[-empyre-] Critical Making in International Networks
elosh at ucsd.edu
Thu Apr 24 06:05:28 EST 2014
Delighted to be part of the contingent talking about Critical Making in International Networks, as I sit in the Atlanta airport waiting for my flight to HASTAC in Peru. Michael Simeone raised some important issues about "making decisions" earlier in the month, and of course my own thinking in the Virtualpolitik book has been shaped by the Latour and Weibel exhibition and book about "making things public."
In the context of work going on at UCSD as we approach the “Hemispheric Pathways” theme of HASTAC, I often think about conversations with my colleague Teddy Cruz about the flows of people, products, ideas, and resources in both directions across the US-Mexico border.
For those who don’t know Cruz’s work on the list, I offer this report back from Cruz’s extraordinary conference Political Equator 3 to help you get acquainted with it: http://ucsota.wordpress.com/2011/06/21/political-equator-3-report-back-from-liz-losh/. Part of the conference actually took place in the middle of a normally deserted no-man’s-land that was under constant patrol of Homeland Security forces. There were a number of particularly memorable examples of critical making highlighted, including a detailed 3D topographic model of the border landscape in which we had assembled.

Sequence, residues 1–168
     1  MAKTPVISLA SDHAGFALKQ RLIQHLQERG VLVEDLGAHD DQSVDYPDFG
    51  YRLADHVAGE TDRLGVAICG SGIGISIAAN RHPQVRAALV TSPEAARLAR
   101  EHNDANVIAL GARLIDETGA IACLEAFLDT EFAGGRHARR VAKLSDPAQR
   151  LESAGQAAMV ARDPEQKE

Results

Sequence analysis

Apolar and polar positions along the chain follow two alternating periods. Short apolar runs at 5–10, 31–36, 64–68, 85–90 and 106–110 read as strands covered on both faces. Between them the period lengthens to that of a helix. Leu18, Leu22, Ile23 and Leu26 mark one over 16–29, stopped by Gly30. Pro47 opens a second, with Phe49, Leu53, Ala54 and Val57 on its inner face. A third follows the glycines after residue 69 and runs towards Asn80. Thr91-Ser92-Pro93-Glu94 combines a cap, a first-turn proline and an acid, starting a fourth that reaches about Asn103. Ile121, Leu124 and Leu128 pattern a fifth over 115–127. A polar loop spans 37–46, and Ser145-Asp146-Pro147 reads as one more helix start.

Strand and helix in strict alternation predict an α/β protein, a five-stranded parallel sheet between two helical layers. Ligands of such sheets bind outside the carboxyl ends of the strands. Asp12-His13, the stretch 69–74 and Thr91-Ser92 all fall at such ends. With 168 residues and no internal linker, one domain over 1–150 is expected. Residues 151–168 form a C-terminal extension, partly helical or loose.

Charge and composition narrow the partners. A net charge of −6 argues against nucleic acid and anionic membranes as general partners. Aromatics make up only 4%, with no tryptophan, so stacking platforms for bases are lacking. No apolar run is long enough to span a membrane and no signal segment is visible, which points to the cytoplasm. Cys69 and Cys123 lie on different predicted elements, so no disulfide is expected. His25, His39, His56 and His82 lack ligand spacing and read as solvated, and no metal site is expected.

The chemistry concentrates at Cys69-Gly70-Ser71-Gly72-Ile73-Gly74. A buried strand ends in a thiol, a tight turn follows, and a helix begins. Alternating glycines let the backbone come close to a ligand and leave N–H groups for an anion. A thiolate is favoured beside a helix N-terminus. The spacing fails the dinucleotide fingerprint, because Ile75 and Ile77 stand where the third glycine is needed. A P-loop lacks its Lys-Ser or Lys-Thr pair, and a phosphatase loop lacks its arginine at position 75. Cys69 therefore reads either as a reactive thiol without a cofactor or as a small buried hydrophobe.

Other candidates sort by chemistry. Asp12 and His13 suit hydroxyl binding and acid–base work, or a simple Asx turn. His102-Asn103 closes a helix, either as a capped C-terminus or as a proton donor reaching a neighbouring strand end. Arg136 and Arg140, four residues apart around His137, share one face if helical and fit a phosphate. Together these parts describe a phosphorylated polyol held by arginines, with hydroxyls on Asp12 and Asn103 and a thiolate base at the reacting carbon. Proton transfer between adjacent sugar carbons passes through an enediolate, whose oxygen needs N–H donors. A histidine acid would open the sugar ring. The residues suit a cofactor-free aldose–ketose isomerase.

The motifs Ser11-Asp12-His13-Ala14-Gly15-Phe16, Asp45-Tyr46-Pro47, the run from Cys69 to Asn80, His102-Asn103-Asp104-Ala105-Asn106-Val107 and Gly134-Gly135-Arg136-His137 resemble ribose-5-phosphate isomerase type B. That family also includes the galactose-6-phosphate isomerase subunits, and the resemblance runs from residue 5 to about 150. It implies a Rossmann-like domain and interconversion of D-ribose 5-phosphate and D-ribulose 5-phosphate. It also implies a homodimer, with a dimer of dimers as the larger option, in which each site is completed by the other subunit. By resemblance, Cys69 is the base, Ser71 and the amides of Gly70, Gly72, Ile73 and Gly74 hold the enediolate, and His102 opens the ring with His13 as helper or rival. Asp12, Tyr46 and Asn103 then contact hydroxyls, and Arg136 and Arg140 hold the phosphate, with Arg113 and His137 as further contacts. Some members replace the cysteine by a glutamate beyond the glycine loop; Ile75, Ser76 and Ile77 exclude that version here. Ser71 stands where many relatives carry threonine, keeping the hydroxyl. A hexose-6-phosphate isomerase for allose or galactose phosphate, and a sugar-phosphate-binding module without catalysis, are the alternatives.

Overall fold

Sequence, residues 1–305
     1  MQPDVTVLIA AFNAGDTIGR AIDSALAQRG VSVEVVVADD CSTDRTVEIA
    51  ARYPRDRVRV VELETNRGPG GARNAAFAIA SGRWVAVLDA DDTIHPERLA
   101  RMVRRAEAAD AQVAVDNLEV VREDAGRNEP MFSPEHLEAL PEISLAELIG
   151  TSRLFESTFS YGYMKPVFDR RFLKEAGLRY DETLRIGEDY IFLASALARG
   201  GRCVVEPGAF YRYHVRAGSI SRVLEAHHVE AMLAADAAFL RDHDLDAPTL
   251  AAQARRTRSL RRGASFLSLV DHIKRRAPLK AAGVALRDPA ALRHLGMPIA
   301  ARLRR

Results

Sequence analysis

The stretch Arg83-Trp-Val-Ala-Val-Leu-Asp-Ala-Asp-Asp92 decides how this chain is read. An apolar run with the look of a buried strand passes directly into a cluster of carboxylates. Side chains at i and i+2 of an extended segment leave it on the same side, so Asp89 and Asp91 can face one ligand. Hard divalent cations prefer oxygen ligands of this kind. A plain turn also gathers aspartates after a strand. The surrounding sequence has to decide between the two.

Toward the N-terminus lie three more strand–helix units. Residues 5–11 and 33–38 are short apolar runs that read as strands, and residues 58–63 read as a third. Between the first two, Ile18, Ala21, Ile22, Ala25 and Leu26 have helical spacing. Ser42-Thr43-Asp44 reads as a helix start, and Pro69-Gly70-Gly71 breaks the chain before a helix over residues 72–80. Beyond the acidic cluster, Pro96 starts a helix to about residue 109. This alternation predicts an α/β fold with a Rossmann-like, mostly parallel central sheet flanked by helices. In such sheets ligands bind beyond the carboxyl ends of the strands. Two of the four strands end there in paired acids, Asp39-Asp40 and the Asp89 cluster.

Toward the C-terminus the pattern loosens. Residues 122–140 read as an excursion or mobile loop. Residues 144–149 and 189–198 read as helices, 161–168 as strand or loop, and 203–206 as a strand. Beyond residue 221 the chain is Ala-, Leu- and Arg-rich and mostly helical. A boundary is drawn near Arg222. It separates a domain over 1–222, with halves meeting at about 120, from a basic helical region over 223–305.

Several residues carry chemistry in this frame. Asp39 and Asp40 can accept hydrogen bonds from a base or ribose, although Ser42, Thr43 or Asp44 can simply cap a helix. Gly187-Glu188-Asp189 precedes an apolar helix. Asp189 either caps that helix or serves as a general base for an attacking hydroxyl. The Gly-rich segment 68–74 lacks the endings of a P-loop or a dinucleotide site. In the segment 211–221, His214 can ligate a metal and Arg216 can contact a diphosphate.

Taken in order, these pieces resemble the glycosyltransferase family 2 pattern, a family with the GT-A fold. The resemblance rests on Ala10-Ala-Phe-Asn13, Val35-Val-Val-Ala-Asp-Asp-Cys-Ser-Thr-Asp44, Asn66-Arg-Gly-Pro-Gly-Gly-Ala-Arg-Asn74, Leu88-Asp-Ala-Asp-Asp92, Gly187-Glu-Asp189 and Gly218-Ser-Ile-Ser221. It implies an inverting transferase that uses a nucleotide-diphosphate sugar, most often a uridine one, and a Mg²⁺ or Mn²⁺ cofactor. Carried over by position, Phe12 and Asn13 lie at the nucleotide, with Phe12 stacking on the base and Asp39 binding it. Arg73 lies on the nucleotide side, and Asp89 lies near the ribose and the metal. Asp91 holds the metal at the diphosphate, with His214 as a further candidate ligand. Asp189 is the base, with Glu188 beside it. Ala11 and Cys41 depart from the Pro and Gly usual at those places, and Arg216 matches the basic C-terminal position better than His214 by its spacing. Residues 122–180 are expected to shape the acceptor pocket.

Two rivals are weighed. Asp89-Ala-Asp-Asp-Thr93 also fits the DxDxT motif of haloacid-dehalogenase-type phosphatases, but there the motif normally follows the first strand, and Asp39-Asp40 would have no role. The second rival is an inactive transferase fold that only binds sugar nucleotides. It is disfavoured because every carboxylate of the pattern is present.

Political Equator set a pretty high bar for an unforgettable conference, but I am hopeful that this year’s HASTAC will facilitate vivid encounters with how we “make things public” and “make decisions” by activating new kinds of discourses between the Global North and Global South. I’m thrilled to be organizing two panels this year, one on “Hemispheric Hacktivism” with Joan Donovan of UCSD, Micha Cárdenas of the University of Southern California, Kyra of the Free Software Foundation, and Isabel Restrepo, Universidad de Antioquia, and one with my longstanding FemTechNet collaborators: CL Cole, TL Cowan , Jasmine Rault, and Radhika Gajjala, (who will participate remotely, because of a family emergency).
Both HASTAC panels are explicitly cyberfeminist, although one focuses more on hacking conventional political imaginaries around e-government, and the other focuses more on hacking conventional structures of e-learning. I’ll report back on our discussions later in the week and hope to hear your comments, so we can incorporate in framing these events in advance as well. I am looking forward to learning more about hacktivism and tactical media activism from new colleagues in Peru and excited about collaborating with those interested in or already teaching courses on feminism and technology in Latin America to see how we can work on content-creation that reverses the flow of conventional North-South MOOC instruction.
Director of Academic Programs, Sixth College
Culture, Art, and Technology Program
249 Pepper Canyon Hall
University of California, San Diego
9500 Gilman Drive
La Jolla, CA 92093-0054
lizlosh at ucsd.edu
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